Let’s say you just got an eye-watering quote for car repairs. How can you save money without cutting corners?
That’s the question I had to figure out myself just recently. A few weeks back, the infamous “$1,000 Miata” I purchased back in 2019 went in for a holistic check-up, and perhaps unsurprisingly, half the car needed replacing.
The car had actually passed its pre-purchase inspection, but a lot can happen in two years; especially on a car older than Billie Eilish.
So, I found myself staring down at a horrifying and unexpected bill for car repairs:
- A new clutch ($1,300).
- New suspension ($2,300).
- A new radiator ($700).
- A new soft top ($1,200).
- Various bits and bobs (~$500).
All in, the $1,000 Miata needed $6,000 in repairs to make it through the summer.
Now, would I, a Frugal-McDougle who writes for Money Under 30, be willing to pay anywhere even close to that amount?
Nay. Of course not. I ended up paying $2,200.
1. Get an estimate from the dealer – and then walk out
Compared to an independent shop, the dealership will charge you twice as much for equal or lesser quality work – and I strongly recommend you start with them (trust me, I’ll explain).
Allow me to explain.
The reasons why dealers charge more range from the logical to the unscrupulous:
- They have higher operating costs. Dealers have significantly higher overhead than small independent shops, so they try to offset it by charging higher for the same labor – typically 150% to 200% what a small shop would charge ($150/hr vs $75).
- They prefer to replace than to repair. Generally speaking, dealers don’t like repairing something to 90% factory condition – they want to replace it so it’s 100% factory condition. For example, while an indie shop will sand and clearcoat a scratched headlight for $50, a dealership will want to replace it for $900.
- They’ll trick you into paying for repairs you can easily DIY. A prime example of this is replacing your wiper blades. According to RepairPal, dealers charge an average of $100 for a “service” you can do yourself in 90 seconds in the Wal-Mart parking lot.
In short, unless your car is under warranty, the dealership is about the last place you want to go to get repair work done.
So, why should I start at a dealership then?
You should still get an estimate from the dealer because they’ll do the most thorough job of any shop at cataloging every possible issue with your car.
A dealer won’t feel miffed if you take that valuable list and walk out the door. They won’t feel entitled to your patronage – a quote is not a contract – and you may discover that certain repairs can only be done at the dealer using specialized tools.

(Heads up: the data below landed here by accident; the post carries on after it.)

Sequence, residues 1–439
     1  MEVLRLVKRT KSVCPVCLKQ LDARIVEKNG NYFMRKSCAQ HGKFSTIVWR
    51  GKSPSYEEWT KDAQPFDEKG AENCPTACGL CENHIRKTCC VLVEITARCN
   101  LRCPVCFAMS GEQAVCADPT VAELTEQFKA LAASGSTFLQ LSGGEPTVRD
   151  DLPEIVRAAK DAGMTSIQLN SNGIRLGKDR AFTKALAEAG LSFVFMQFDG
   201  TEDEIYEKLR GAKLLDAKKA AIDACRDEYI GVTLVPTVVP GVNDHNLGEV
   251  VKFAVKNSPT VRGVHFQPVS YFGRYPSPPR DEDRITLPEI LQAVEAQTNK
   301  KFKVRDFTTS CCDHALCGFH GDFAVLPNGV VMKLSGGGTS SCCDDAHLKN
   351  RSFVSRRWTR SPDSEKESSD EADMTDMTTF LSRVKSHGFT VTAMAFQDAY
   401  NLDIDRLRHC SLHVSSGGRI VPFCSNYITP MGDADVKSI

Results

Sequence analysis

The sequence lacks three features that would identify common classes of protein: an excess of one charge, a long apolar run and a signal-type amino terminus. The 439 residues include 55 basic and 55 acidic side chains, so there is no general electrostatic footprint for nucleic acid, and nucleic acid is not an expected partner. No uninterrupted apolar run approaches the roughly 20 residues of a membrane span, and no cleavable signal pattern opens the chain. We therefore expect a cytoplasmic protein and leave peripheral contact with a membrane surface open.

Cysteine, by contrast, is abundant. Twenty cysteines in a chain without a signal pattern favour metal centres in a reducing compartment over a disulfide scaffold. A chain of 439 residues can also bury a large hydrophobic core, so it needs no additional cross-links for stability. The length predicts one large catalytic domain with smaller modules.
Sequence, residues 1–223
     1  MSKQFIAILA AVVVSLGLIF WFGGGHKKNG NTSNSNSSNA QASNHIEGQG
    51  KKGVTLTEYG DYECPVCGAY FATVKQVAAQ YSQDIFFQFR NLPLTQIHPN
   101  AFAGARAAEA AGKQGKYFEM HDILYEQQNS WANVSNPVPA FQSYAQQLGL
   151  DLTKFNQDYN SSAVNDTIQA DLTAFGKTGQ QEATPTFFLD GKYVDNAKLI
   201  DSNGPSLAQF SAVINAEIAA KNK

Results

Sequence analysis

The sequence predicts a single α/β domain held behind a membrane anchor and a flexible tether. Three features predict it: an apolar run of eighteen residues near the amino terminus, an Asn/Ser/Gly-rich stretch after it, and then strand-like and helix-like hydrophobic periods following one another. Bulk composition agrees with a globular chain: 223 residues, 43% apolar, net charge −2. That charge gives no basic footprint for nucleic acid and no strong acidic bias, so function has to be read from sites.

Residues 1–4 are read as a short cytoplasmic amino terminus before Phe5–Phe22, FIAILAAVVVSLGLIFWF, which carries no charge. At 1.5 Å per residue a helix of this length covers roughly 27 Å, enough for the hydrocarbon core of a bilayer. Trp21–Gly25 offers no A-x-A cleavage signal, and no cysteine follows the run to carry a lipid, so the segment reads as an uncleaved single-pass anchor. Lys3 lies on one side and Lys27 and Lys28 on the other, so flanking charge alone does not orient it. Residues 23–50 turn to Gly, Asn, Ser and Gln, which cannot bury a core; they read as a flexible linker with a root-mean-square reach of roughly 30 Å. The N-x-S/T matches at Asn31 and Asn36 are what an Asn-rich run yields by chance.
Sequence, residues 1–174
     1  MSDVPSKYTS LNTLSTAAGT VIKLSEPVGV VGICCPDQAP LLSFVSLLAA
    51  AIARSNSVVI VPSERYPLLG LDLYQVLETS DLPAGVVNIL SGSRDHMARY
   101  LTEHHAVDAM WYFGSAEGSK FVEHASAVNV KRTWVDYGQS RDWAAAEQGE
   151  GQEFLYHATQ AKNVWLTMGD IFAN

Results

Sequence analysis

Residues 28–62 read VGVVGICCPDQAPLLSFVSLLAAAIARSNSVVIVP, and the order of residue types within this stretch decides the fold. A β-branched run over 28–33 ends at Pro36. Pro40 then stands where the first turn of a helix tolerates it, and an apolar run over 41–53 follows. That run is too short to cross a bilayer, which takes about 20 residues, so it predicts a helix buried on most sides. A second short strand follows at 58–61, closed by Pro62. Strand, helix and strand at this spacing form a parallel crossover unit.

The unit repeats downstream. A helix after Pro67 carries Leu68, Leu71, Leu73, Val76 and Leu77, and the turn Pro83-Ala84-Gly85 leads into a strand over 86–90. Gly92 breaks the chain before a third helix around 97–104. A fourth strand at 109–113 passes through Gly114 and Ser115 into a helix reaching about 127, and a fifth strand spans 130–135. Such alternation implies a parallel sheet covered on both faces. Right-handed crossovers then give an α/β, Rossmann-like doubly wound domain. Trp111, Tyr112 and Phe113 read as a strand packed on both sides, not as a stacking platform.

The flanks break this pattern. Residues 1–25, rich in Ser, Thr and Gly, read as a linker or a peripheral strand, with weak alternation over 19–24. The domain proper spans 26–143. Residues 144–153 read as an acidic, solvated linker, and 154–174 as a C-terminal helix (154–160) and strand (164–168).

But for those that aren’t dealer-specific, it’s time to head to your friendly neighborhood mechanics.
2. Get at least 4 quotes from independent mechanics
An independent shop is where you’ll likely end up getting most of your repairs done if you want to save money. Not only will they be cheaper, but you’ll also probably be happier with them in the long run.
How to find a good local mechanic
To find a good local mechanic, Google “best [your city] auto mechanic,” and start compiling a list of the five top-rated shops nearby.
Here’s how to spot an indie mechanic that’s worth your time:
- User reviews. Does the shop have solid reviews and recommendations from real customers? Do they use words like “trustworthy” and “affordable”? Are you sure the ratings aren’t embellished by fake or inauthentic reviewers?
- Years of experience. It’s a good sign if a local mechanic has been in business for 20+ years. Not only does that indicate they’ve got repeat customers – it means they’re likely led by a highly experienced mechanic who’s seen it all.
- Safe location. Mechanics in the ritzy part of town may charge more because a) they can, and b) their rent is higher. Conversely, mechanics in a tough neighborhood may be more affordable, but your vehicle’s safety may be more at risk. Keep both scenarios in mind as you look for Goldilocks’ choice right in the middle.
Once you’ve got your list of five, give them a call to schedule an estimate. Mention that you’ve already gotten a quote from the dealer but are skeptical and are collecting several more estimates.
Why get four quotes instead of three?
Chances are, out of the five you find on Google one of them will be too busy. And in my opinion, three isn’t enough estimates.
I’ve gotten dozens of quotes from as many shops over the years, and for some reason, it’s always the fourth shop that wins out. Perhaps it’s just because that fourth shop has the one mechanic who’s fixed this issue a thousand times, and can do it with his eyes closed.
That fourth quote may take you another hour to get, but it’ll also help reduce buyer’s remorse. With thousands of dollars on the line, you’ll sleep better knowing you did your due diligence and got the best rate.
How much can you save by getting your repairs done by an indie shop instead of the dealer?
Circling back to my own Miata, here’s the breakdown of what the dealer wanted versus what an indie mechanic wanted:
Mazda dealership Indie mechanic
New clutch $1,300 $750
New suspension $2,300 $1,200
New radiator $700 $450
New soft top $1,200 $900
Various bits and bobs $500 $300
Total $6,000 $3,500
Right away, I saved 42%, or $2,500, off the cost of repairs just by going to an independent mechanic. To be clear, they’re doing the exact same repairs to an equal or higher standard than the dealership.
3. Find aftermarket parts
Once you’ve got a more affordable quote from an independent mechanic, take a careful look at the cost breakdown of the estimate. You’ll typically see two columns: parts and labor.
- Labor costs are pretty cut-and-dry. You can’t really convince a shop to work faster or for less money. Labor rates for indie shops are already very affordable, so while you can attempt to negotiate, you may not make it far – and may set off on the wrong foot.
- The cost of parts is where you’ll find more wiggle room. Indie mechanics typically source their parts directly from the manufacturer, or even from the nearest dealer, who in turn charges them a premium. That means that while the indie mechanic may charge less for labor, they may charge even more for parts!
I want you to pay less for labor and less for parts, and the #1 way to do it is to ask about aftermarket parts.